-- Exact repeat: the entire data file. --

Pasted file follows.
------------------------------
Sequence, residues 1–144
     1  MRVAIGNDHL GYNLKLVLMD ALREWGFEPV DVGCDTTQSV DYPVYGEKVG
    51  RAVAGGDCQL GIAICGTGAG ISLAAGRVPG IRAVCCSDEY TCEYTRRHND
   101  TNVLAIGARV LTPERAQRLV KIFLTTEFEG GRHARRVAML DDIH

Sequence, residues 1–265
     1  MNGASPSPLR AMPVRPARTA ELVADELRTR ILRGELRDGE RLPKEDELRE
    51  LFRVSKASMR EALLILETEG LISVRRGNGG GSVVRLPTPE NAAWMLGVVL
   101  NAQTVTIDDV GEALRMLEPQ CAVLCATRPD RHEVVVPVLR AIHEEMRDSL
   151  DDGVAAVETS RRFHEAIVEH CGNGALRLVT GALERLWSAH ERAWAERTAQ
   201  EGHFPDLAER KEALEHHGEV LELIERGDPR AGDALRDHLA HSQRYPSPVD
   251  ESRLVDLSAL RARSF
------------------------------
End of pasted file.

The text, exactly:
Sequence, residues 1–144
     1  MRVAIGNDHL GYNLKLVLMD ALREWGFEPV DVGCDTTQSV DYPVYGEKVG
    51  RAVAGGDCQL GIAICGTGAG ISLAAGRVPG IRAVCCSDEY TCEYTRRHND
   101  TNVLAIGARV LTPERAQRLV KIFLTTEFEG GRHARRVAML DDIH

Sequence, residues 1–265
     1  MNGASPSPLR AMPVRPARTA ELVADELRTR ILRGELRDGE RLPKEDELRE
    51  LFRVSKASMR EALLILETEG LISVRRGNGG GSVVRLPTPE NAAWMLGVVL
   101  NAQTVTIDDV GEALRMLEPQ CAVLCATRPD RHEVVVPVLR AIHEEMRDSL
   151  DDGVAAVETS RRFHEAIVEH CGNGALRLVT GALERLWSAH ERAWAERTAQ
   201  EGHFPDLAER KEALEHHGEV LELIERGDPR AGDALRDHLA HSQRYPSPVD
   251  ESRLVDLSAL RARSF